Hi, I think I spotted a typo in the book on page 115 under Chapter 7, tighten security, first paragraph, it should be .htpassword but it mentions .htaccess when relating to the path for the password file.
Where it says:
To use this basic password-protection technique, edit the AuthUserFile path to match the location of your .htaccess file….
Another recommendation is to include the latest Gseries blacklist htaccess template in Members Area, under the section Downloads, Template Files.
I mention this because I was reviewing your site weeks ago and started to use the 2g series mentioned in a link on another article, when I found out that it was outdated.
Note: Don’t block my ip yet until I fully understand this, If I am commenting and or asking too much please let me know, haha.
Great idea, will try to add some links to the latest G-series blacklist in the Members Area. The book also discusses the latest (5G Blacklist), so more info can be found there as well (in the security chapter). Thank you for the feedback, much appreciated.
On page 131 of the book there is an example of whitelisting search engine bots. Should the module in the example be mod_authn_file.c?
From what I can find on BrowserMatchNoCase it’s part of mod_setenvif.c. I can’t find any mention of it in mod_authn_file.c.
Nice catch, you are correct:
Will update next version of the book.
Thank you for reporting!
For the past few weeks I’ve been struggling with htaccess rules that didn’t seem to work properly, despite being copied and pasted from your examples, or from elsewhere. I’ve rewritten some of them in a few different ways, yet each time they still didn’t work. I was beginning to wonder whether half the Apache modules were turned off.
Typically the problematic rules would be along the lines of issuing a 403 for certain URIs that either didn’t exist, or to which I wanted to deny access.
It’s only dawned on me today, after much Googling, that it wasn’t the rules that were the problem, or modules being turned off in Apache, but simply the lack of an ErrorDocument directive for each error code that I wished to return.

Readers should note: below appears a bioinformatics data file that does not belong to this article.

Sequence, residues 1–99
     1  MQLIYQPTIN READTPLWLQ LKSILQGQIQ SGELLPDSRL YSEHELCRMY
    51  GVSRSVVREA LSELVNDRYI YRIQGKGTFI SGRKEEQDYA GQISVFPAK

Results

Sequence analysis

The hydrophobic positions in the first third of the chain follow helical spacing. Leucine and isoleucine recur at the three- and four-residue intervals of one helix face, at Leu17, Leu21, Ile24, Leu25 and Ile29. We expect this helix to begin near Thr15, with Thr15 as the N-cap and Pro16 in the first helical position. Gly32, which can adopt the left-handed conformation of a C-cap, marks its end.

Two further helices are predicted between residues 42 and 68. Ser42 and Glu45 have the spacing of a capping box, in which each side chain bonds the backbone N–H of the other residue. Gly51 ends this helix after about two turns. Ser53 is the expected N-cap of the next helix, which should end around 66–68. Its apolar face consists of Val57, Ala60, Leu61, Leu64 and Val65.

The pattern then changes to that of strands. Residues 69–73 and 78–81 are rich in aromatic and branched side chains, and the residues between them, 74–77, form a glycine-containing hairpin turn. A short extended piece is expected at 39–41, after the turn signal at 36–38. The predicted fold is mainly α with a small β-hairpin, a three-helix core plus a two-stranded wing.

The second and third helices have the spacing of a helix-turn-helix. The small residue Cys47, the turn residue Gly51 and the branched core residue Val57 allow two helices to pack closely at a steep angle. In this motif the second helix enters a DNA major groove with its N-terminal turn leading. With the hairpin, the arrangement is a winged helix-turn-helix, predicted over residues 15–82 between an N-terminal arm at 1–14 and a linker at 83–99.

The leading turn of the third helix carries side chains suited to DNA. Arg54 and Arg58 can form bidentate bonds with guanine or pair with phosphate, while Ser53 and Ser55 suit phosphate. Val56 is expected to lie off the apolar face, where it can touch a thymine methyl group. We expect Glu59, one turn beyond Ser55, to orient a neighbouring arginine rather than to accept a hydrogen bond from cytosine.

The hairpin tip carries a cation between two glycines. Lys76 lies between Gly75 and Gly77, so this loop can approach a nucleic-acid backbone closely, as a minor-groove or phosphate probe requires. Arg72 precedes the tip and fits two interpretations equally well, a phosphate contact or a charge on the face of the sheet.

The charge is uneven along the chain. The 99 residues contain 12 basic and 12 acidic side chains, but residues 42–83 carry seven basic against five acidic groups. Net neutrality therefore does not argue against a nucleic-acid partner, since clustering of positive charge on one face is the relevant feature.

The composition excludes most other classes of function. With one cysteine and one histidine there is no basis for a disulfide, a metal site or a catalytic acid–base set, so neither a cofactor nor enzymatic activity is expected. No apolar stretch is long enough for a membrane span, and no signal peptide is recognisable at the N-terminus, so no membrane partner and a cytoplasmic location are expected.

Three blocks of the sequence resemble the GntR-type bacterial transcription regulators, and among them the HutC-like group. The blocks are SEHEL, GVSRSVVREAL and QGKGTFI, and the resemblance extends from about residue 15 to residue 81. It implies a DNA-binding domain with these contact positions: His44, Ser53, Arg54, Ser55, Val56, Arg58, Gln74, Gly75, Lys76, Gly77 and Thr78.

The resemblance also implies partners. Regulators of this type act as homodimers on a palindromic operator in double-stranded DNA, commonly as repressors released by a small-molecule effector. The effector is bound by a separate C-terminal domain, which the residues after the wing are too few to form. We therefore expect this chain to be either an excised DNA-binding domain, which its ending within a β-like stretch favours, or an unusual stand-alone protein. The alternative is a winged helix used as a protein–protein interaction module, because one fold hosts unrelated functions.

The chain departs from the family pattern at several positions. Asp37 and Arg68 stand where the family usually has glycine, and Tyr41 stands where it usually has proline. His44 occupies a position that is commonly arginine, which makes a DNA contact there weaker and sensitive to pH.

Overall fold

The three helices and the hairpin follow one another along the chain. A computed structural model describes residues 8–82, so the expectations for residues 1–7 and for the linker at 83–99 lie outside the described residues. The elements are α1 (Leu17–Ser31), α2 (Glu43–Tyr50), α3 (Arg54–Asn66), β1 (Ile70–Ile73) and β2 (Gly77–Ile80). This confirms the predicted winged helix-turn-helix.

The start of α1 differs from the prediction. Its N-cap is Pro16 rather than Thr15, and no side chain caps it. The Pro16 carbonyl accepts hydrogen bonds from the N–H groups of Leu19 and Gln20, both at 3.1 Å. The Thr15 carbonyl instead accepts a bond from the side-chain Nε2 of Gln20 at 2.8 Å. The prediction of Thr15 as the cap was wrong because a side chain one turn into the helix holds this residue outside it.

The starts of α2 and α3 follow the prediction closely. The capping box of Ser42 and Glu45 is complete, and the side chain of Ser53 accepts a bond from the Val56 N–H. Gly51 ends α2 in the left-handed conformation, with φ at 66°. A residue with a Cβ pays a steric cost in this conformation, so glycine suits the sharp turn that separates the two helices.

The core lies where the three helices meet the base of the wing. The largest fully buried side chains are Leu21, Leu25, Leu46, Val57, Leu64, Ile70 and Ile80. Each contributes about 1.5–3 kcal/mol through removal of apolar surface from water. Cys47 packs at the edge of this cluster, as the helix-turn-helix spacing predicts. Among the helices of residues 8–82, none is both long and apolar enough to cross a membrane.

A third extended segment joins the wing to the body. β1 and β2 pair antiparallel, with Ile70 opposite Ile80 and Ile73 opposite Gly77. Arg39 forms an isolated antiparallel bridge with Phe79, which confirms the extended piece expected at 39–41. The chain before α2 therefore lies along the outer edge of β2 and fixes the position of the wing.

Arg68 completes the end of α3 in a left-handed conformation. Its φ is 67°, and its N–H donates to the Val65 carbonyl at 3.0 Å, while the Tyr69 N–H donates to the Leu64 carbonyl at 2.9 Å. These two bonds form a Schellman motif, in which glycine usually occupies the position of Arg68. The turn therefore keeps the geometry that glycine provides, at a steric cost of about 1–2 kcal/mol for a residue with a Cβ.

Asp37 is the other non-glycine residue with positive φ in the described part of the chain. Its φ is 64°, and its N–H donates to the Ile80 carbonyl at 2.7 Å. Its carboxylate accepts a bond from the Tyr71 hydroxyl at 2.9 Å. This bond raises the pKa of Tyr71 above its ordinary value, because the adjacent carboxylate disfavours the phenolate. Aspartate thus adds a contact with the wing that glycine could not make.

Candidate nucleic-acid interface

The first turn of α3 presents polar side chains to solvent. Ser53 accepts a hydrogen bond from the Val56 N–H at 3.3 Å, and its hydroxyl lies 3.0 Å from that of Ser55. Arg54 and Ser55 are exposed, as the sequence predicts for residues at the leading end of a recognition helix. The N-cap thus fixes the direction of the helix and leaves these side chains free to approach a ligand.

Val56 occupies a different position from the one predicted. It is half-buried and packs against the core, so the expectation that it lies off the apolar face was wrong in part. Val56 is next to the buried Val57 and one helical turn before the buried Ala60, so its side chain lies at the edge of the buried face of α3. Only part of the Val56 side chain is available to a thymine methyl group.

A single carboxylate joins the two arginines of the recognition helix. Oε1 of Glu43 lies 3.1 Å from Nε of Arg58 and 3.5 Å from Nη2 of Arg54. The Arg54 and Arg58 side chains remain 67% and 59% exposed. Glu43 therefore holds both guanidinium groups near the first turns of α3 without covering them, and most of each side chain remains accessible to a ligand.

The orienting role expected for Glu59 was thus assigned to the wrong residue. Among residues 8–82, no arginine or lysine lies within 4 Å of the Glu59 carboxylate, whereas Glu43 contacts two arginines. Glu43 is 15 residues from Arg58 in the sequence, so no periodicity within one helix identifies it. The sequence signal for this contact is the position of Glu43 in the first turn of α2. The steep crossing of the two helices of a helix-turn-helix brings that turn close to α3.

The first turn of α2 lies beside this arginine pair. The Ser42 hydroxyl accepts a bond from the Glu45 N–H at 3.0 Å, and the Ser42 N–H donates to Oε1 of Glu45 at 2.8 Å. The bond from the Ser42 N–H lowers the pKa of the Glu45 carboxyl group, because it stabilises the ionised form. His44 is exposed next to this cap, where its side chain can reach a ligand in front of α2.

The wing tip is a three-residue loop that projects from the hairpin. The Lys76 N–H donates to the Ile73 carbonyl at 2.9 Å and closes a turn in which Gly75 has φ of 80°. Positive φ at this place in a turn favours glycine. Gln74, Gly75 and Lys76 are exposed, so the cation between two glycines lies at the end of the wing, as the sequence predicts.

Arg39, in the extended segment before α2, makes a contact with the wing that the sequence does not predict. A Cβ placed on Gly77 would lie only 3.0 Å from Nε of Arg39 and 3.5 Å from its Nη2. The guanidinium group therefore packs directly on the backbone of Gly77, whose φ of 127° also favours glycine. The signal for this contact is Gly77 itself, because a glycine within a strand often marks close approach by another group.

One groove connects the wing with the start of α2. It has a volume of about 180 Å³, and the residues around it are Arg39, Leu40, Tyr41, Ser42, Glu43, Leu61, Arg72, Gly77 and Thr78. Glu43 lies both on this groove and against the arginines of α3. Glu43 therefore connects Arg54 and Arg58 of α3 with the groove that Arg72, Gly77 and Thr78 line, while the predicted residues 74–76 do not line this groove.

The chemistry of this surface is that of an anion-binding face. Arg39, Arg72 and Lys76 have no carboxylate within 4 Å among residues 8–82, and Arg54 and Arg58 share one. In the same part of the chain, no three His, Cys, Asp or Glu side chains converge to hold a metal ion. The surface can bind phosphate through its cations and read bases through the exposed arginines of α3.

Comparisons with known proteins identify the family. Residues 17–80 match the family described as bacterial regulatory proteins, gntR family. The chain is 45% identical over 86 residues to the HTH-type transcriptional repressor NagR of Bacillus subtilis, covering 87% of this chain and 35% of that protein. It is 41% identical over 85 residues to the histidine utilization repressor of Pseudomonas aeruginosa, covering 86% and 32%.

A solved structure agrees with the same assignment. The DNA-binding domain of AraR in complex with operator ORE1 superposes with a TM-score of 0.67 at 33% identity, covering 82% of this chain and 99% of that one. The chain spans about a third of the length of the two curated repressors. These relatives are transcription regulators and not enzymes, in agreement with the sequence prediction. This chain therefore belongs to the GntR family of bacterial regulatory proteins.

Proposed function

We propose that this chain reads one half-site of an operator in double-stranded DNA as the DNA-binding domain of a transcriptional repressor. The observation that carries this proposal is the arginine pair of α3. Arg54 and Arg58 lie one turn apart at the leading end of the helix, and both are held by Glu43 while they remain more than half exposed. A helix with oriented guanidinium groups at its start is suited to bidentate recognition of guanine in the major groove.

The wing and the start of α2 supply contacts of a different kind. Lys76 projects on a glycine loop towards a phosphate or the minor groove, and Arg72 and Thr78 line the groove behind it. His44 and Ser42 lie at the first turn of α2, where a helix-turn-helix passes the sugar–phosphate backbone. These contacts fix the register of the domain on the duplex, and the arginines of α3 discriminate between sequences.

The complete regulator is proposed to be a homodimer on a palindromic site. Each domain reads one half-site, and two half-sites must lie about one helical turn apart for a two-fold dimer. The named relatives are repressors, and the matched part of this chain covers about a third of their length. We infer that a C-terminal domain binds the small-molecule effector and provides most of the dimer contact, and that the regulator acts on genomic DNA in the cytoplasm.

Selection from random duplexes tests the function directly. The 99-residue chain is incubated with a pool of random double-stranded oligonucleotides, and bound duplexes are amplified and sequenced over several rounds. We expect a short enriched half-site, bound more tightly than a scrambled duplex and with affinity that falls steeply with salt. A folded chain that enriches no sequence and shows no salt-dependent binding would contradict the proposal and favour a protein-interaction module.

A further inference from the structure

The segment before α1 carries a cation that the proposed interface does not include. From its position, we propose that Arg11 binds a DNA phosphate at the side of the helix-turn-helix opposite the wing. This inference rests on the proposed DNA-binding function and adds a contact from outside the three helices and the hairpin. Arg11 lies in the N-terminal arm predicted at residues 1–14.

My website is on a hosted service that runs CPanel, which according to some people, seems to affect error return codes in some way.
As soon as I included ErrorDocument instructions for each return code, even just setting it to be the default value, such as:
ErrorDocument 403 default
then my rules started to work properly.
In your book, the discussion on the use of ErrorDocument only seems to cover custom error pages. I believe there is scope for an additional paragraph on why it makes sense to include an ErrorDocument line for each different error code (eg 403, 404, 410 etc.) that you plan to return even if you have no intention of using custom error pages.
The directives can simply inform Apache to use the default error messages. Depending on your hosting environment, the absence of ErrorDocument directives can make Apache ignore many of your htaccess rules entirely. Had I known this, I wouldn’t have spent the last few weeks wondering why some of my rules weren’t working.
Thanks for the feedback, Stuart. Never heard about this before, must be specific to cPanel? Either way, will add a note about this in the next book update.
I’m not sure of the all the details on this cPanel related anomaly, but here’s a thread on StackExchange that mentions it.
Ah, it’s a bug in cPanel. That makes more sense, still good to know. Thanks again for reporting.